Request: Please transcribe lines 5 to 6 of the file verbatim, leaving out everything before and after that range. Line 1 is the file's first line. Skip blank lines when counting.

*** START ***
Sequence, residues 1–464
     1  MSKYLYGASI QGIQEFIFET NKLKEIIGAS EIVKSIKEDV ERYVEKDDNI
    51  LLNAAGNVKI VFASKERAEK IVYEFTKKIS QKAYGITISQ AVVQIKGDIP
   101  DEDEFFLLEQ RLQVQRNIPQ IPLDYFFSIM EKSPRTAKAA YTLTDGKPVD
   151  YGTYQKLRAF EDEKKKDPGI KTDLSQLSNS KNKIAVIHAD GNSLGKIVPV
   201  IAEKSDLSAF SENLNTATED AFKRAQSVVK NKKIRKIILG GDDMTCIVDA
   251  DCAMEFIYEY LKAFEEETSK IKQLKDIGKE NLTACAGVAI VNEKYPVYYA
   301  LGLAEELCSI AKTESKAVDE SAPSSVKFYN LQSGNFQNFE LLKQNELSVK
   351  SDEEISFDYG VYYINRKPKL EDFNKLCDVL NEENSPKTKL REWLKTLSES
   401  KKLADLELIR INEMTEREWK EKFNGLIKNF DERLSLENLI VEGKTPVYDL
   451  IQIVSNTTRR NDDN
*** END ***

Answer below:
   151  YGTYQKLRAF EDEKKKDPGI KTDLSQLSNS KNKIAVIHAD GNSLGKIVPV
   201  IAEKSDLSAF SENLNTATED AFKRAQSVVK NKKIRKIILG GDDMTCIVDA